Thursday, October 27, 2011

No More Ikea

Ikea has always been a great place when you live abroad. They sell Swedish foods and drinks, candy and chocolates that are hard or impossible to find elsewhere. We go there every few months just to get pickled herring, cheese, flatbread, liquorice and other stuff.

And of course, this being Ikea you never buy just what you set out to do; we also come home with extension cords, drinking glasses, a new lamp… And you get inspired when you walk through the store. We bought our couch in Ikea, as well as Ritsukos new desk. In both cases we saw them when we were just there for some food, and ended up returning a few weeks later to get them specifically.

No more, unfortunately. Ikea has decided that they are better off selling their own-brand things rather than the popular Swedish brands they used to carry. Most specifically Swedish things are gone: the cheeses, the pickled herring, the bread, the liquorice, Kexchocklad and Dumle. What is left is generic-brand stuff, often not even made in Sweden, and indistinguishable from what we can pick up easier and cheaper in the supermarket at home.

So, no reason for us to visit Ikea now. And as we'll no longer browse in the stores, I doubt we'll be buying any much furniture or home goods from there anymore either. We have plenty of other furniture stores around here after all, with any conceivable style and any price level we'd ever want. From Japanese blogs it seems we're not the only ones; the reaction has been surprisingly negative even among people with no emotional connection to these particular goods.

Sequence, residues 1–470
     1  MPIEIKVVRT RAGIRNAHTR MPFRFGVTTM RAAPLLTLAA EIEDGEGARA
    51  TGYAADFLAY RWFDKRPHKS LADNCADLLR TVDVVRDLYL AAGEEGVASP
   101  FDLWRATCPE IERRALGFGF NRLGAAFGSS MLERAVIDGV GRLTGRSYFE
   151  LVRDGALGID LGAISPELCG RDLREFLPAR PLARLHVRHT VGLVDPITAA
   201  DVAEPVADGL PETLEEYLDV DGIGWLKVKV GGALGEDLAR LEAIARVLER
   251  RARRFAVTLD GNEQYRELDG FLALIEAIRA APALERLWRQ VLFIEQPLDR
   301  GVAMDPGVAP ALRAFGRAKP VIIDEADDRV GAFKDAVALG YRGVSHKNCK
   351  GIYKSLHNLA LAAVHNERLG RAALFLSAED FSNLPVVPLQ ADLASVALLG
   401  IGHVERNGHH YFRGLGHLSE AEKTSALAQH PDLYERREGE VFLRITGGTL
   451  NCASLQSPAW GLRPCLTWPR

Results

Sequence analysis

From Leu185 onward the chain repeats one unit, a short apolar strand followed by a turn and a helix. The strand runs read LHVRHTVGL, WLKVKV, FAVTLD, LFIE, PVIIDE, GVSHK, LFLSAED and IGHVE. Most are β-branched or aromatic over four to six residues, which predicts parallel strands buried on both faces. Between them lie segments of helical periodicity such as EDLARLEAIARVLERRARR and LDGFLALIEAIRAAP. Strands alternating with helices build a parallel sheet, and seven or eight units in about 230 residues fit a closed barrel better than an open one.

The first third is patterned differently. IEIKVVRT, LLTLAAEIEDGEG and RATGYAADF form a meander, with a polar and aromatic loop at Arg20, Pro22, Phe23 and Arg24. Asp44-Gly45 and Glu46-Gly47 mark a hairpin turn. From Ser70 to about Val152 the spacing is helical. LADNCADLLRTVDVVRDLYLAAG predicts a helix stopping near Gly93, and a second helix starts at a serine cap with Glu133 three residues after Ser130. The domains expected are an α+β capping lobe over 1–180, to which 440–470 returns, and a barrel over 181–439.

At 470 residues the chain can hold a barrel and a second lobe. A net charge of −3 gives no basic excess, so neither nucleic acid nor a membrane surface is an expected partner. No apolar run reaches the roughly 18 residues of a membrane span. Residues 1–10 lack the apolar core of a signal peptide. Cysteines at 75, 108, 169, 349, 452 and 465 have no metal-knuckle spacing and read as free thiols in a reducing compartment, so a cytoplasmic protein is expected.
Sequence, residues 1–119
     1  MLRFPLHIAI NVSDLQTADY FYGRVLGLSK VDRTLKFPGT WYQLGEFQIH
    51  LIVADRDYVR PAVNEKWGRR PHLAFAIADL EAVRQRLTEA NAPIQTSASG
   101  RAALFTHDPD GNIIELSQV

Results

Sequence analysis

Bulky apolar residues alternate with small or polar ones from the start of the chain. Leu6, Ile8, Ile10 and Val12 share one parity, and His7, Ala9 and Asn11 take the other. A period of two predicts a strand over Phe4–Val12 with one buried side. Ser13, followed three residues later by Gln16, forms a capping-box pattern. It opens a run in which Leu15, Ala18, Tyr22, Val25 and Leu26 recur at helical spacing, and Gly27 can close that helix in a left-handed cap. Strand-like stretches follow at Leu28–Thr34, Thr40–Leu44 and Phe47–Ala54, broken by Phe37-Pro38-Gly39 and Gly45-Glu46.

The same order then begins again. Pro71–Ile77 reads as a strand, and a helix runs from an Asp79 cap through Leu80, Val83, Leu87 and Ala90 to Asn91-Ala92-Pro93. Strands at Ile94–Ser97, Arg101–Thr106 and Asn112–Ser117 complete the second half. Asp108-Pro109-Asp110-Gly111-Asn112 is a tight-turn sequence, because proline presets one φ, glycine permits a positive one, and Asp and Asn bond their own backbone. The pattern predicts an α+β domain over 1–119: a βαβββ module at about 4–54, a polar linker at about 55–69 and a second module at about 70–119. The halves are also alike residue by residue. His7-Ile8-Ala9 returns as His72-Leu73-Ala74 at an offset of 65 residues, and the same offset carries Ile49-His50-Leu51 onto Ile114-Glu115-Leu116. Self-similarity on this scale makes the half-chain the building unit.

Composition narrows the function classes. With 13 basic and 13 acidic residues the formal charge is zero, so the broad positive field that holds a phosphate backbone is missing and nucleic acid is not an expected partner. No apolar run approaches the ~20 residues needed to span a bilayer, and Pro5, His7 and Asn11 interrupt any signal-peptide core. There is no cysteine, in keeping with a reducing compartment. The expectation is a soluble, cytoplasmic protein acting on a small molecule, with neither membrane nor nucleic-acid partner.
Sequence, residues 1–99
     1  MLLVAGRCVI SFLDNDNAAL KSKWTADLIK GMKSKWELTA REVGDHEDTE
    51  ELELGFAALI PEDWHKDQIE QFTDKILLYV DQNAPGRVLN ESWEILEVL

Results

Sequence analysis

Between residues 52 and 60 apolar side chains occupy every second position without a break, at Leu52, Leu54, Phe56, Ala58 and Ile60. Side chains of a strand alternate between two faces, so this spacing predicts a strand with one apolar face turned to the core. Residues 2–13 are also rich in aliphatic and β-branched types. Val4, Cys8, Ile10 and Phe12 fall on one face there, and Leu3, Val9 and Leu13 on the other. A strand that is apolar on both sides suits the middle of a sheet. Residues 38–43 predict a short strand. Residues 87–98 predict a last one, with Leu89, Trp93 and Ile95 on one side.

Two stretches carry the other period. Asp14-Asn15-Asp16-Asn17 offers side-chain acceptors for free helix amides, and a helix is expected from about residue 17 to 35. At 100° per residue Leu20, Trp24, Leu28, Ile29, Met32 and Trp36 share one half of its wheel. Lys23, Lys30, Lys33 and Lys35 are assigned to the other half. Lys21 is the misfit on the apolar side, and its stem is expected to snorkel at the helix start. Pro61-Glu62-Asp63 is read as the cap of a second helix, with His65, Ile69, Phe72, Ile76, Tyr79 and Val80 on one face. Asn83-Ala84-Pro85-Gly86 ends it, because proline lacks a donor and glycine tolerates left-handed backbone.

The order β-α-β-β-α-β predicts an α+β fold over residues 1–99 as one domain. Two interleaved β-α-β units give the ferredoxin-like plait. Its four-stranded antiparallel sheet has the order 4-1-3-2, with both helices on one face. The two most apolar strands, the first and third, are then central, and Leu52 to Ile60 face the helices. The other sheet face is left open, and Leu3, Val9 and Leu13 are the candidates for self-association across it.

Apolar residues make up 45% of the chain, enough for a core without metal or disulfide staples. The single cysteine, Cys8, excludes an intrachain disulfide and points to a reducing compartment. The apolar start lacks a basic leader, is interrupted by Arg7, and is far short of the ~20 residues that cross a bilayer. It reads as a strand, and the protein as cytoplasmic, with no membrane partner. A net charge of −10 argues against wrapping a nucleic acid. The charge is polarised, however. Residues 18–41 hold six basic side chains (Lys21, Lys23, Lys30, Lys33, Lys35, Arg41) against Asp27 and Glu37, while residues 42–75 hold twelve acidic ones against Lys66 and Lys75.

Seems like a pretty dumb misstep on the part of Ikea to me. I may be wrong of course; the greater profit on own-brand generic foods may more than make up for the small loss of business that results. I don't think so, though. The connection to Sweden is an important part of their brand, and diluting it even further — they haven't been a Swedish company for many years — risks damaging themselves far beyond the loss of a few expats crying over their lost mustard herring.

Now the sole remaining question is where to buy or order pickled herring in Osaka. Anybody know?


clajoh said...

Looks like an interesting business opportunity for an ambitious bilingual importer. Svenska Institutet/Swedish Institute should take note as well.

I'll miss freaking out old aquaintances with weird fish shaped liqourice though.

Janne Morén said...

Actually, the story may not end there. Things Are Afoot. I'll post again about this soon, I think. Your Salta Fiskar may be safe :)

Anonymous said...

I have some links to swedish food web shops you can order from, if you get a craving before anything else is fixed. Found them when I was living in ireland.

But I agree, the generic stuff makes no sense to me and looks cheap. I use to be able to buy stuff at ikea to bring as a novel gift to people, because it's the original brands of sweden, but I would never buy the generic stuff, I'd rather order online for the propper stuff.

In the swedish ikea, the generic foods look even more pointless, as they are selling stuff like tea, choclate and meatballs. I might buy generic chocklate (but makes no difference compared to any other brand, as it's not Mmmmarabo) but I'd have to be desperate not to buy mamma scans meatballs or somethign similar. No way would I buy generic. I'd rather make them myself.

Anonymous said...

btw, it was Melinda who wrote the last comment. :P cant be bothered signing in.

Janne Morén said...

Thanks, Melinda! Please do post or send links if you have them.

First, they will have pickled herring, though their own brand, and of course it'll be unlikely to be produced in Sweden. We'll see if it's any good.

It seems that a lot of the good brand-name goods (kexchoklad and tunnbröd for me) are still available in store even though they no longer list it on the web. So we'll hit the store in Kobe tomorrow and buy another batch of stuff before it disappears.

As you say, a lot of the generic brands at Ikea simply doesn't make any sense. We live in a city of ten million people; we have more kinds of local and imported chocolates, cheeses, cookies and so on than you could imagine within a few minutes walk from home. Going all the way to Ikea just to buy some generic product is just dumb.